Benefits of Underground Electricity Connections versus Overhead Powerline Connections

December 4, 2017

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Viewed from a strictly aesthetic point of view, underground electricity connections are obviously popular because they free land from overhead powerline connections. Strung in great loops, ugly overhead lines obstruct views. They also go down during a storm. Okay, so buried cables do require a greater initial investment, but great savings come to those who are prepared to make that investment.

Overhead Cables are Exposed

Exposed to what, we might ask? Perhaps an animal has mistaken the wooden or metal tower for a tree. A squirrel skips to the top, it jumps the cables, and there's a massive short circuit. Every property on that parcel of land loses power because of this poor little critter. A falling tree can cause the same problem, and so can a raging storm or any other type of extreme weather. Overhead powerline connections are exposed to all of these dangers. Meanwhile, below the ground, an expertly installed underground electricity connection remains live, no matter how hard the wind blows or how many squirrels move into the neighbourhood.

Negating Visual Obstructions

Photographers take pictures of historical districts. They lovingly touch-up those images. Sadly, that image editor can spend hours doing visual edits to remove overhead powerlines out of a pleasing snapshot. Imagine then, how those unsightly cables influence the citizens living in the area. There's just no getting around this point, not unless the cables are installed underground. Overhead cables and their supporting structures are a blot on the landscape, which is why council authorities gravitate towards underground solutions. Out on an industrial complex, the overhead system is seen as the more logical connection method.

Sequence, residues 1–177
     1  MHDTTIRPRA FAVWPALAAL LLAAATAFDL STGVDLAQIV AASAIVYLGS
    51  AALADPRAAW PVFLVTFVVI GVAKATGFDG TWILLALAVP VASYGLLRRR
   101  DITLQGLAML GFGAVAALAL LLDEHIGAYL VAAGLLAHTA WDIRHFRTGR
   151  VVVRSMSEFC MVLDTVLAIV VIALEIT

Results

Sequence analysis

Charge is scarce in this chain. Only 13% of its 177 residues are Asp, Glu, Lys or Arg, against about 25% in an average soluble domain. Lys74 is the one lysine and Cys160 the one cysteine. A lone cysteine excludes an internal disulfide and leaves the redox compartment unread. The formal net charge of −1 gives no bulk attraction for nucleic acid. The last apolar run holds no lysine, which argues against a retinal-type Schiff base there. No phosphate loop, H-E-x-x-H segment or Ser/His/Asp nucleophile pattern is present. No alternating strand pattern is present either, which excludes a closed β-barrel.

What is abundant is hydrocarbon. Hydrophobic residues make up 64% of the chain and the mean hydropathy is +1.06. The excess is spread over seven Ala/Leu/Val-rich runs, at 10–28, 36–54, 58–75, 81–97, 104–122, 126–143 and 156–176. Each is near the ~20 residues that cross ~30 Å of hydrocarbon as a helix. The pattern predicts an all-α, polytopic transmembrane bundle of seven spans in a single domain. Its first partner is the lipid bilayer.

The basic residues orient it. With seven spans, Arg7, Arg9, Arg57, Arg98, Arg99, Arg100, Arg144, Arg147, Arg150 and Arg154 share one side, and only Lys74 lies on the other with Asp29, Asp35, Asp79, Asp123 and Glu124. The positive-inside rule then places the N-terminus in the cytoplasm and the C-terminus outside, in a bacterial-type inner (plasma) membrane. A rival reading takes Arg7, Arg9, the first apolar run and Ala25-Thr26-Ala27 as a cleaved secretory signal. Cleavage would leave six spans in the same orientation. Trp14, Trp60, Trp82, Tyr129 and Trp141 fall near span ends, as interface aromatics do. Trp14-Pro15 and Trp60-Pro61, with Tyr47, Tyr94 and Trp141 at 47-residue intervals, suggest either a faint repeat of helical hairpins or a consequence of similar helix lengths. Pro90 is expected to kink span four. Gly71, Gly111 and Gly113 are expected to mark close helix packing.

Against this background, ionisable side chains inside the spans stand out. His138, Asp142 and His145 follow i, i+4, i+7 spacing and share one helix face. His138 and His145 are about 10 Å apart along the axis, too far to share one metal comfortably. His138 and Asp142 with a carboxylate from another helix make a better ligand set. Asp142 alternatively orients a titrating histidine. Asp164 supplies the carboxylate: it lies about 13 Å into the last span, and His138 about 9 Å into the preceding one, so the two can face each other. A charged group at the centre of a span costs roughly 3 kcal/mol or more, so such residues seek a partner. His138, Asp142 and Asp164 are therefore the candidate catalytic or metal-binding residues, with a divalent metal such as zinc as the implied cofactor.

Public Safety Issues

If a contractor is erecting a scaffolding tower, the competent person in charge has to plan around the overhead powerline connections. Even kids need protection from this elevated hazard. A child's balloon, perhaps coated with an aluminium skin, can short-circuit overhead cables. Kites, climbing hazards, model aircrafts, even the family cat, all of these common events carry a risk when they take place near an overhead system. Of course, there are always large red signs in place to warn of these hazards, but the danger still exists.

In terms of initial outlay costs, underground cables are a little more expensive than a solution that uses at-height cabling. However, the ground covering those subterranean cables does act as a natural buffer zone. With that buffer in place, no lightning strikes, no playful critters, and no falling tree branches will ever cause a power outage. Indeed, because of these reasons, overhead powerline connections are the more reliable option, plus they just look better, especially in an area renowned for its visual appeal.

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